Thursday, July 22, 2010

Barrenness, Uncommon Conceptions, and the Virgin Conception

I'm sorry that I've been occupied with task that keep me from blogging. Here is an entry, however, that emerges from an essay I am writing on Paul's uses of Scripture in Galatians 4:21-31. I realize that it is only a brief and tantalizing paragraph. It is not at all core to my essay's thesis. I belive that it does, however, raise a matter that NT students could readily take up as an intriguing and engaging thesis for an essay or monograph.


True as it is that Paul’s citation of Scripture to warrant this conclusion is evident, appealing to the Abraham narrative of Genesis and to Isaiah 54:1 as he does, what warrants Paul to use these portions of Scripture as he does? As one begins to search for answers to these questions, given Paul’s use of Isaiah 54:1, it becomes apparent that Paul does not originate the allegory. Isaiah’s use, which goes beyond the bare storyline of Genesis, predates Paul’s, thus pushing questions concerning the apostle’s use of the Abraham narrative back at least to the prophet, if not to the text of Genesis itself. For both the apostle Paul and the prophet Isaiah, essential to the Abraham narrative of Genesis is the plotted obstacle expressed in Genesis 11:30, “Now Sarah was barren, and she had no child.” The entire story of Abraham in Genesis emerges from and proceeds upon the premise that Abraham’s wife, Sarah, is incapable of bearing children. Thus, from the outset, the writer of Genesis signals that the story entailing Sarah, Abraham, and God’s promise of seed to them is larger than life, larger than any of the individual personages within the story, thus infusing significances into the story that reach beyond the characters and events themselves, even if the one who inscribes the story does not fully grasp these significances in anticipation of the promise’s fulfillment. The import of the story’s premise promptly becomes evident in Genesis 12. Given Sarah’s sterility as the already stated obstacle, how will God surmount this impediment in order to keep his promise to Abraham that “in you all the nations of the earth shall be blessed” (12:3) and “to your seed I will give this land” (12:7)? The obstacle to God’s promise that Sarah’s barrenness poses, with which the narrative begins, is the first of two further iterations within the Genesis narrative, both entailing covenant couples, direct descendents of Abraham and Sarah, in the cases of Isaac and Rebekah (Gen 25:21) and of Jacob and Rachel (Gen 30:1).[2]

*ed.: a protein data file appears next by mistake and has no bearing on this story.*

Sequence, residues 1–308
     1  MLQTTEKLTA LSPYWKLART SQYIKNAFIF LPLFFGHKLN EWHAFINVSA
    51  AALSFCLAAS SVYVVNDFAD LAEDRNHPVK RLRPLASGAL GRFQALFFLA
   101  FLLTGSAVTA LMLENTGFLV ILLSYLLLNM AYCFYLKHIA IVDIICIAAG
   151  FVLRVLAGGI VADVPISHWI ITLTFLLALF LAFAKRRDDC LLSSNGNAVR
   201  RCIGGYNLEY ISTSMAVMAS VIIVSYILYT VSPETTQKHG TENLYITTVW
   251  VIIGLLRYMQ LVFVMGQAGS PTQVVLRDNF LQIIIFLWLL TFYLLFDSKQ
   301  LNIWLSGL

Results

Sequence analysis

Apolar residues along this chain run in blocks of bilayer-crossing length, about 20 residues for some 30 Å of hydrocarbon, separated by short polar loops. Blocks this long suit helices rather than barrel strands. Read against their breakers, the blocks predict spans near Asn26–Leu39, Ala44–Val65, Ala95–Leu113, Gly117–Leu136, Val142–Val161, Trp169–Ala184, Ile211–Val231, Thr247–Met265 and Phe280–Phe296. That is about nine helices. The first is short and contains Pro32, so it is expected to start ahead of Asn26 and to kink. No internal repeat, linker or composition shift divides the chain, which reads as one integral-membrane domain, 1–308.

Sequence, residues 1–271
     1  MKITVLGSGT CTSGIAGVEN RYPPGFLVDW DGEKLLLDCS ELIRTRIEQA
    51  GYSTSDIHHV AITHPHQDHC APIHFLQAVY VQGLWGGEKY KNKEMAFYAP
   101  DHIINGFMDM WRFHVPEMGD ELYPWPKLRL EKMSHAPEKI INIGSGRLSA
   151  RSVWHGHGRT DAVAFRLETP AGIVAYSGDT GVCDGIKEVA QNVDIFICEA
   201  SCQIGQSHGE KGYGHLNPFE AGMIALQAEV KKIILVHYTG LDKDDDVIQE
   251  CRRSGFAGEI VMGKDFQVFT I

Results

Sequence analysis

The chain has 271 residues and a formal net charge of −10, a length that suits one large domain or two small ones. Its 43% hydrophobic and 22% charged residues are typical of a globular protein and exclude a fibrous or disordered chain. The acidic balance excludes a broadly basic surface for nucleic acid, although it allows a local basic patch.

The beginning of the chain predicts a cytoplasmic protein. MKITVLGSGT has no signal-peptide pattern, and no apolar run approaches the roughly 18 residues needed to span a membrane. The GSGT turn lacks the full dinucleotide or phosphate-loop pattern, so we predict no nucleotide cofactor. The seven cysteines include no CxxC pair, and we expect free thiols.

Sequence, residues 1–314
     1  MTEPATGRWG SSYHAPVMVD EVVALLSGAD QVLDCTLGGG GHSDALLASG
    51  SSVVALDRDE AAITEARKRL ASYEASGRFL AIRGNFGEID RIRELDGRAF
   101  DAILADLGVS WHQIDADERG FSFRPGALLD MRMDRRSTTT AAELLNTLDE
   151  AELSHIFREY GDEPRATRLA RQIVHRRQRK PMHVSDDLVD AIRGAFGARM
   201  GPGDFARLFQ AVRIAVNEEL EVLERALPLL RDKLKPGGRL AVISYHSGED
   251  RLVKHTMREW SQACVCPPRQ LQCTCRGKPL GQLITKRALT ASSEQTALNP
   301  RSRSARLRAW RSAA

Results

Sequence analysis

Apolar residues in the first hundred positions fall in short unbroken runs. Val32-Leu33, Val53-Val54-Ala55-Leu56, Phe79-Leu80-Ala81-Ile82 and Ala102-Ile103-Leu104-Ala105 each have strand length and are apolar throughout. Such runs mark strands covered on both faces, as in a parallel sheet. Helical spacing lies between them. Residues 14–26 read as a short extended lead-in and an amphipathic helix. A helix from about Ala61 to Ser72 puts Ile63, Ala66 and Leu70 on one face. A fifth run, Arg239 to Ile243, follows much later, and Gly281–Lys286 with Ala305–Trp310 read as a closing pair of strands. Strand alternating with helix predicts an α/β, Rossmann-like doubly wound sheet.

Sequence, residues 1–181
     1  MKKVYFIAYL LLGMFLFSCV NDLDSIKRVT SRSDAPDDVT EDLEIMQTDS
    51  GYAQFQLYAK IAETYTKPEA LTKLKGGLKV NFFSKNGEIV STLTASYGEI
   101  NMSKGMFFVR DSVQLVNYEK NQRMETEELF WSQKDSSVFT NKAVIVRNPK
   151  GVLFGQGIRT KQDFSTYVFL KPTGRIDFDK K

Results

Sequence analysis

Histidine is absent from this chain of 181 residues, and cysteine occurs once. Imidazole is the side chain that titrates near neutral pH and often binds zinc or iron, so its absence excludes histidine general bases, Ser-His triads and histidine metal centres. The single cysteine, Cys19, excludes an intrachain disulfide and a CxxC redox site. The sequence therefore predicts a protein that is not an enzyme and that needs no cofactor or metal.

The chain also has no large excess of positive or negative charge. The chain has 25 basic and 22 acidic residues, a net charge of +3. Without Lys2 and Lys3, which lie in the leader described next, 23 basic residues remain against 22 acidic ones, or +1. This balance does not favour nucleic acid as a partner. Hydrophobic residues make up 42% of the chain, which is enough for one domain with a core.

[1] Cf. the LXX of Gen 11:30 (καὶ ἦν Σαρα σπεῖρα καὶ οὐκ ἐτεκνοποίει) and of Isa 54:1 (εὐφράνθητι σπεῖρα ἡ οὐ τίκτουσα).

[2] Find the barrenness theme elsewhere in the case of Manoah and his wife with the birth of Samson (Jdgs 13:1-24), concerning Hannah and the birth of Samuel (1 Sam 1:2, 6), and implied in the story of the Shunammite woman and the birth of her son (2 Kgs 4:14). Except in the case of the Shunammite’s son, barrenness plays the purposeful role of displaying the extraordinary power and glory of the Lord who, in displays of uncommon grace to bring about conception and birth against nature’s impediment, and the sons born became Israel’s deliverers. Is it unreasonable to infer that this barrenness theme with such displays of God’s power, from the beginning, foreshadows the greatest uncommon conception of the greatest deliverer of all, not just from a barren womb but from a virgin’s womb? After all, this greatest uncommon conception of all fulfilled the promise of the Seed made to Abraham whose wife, Sarah, was the barren one.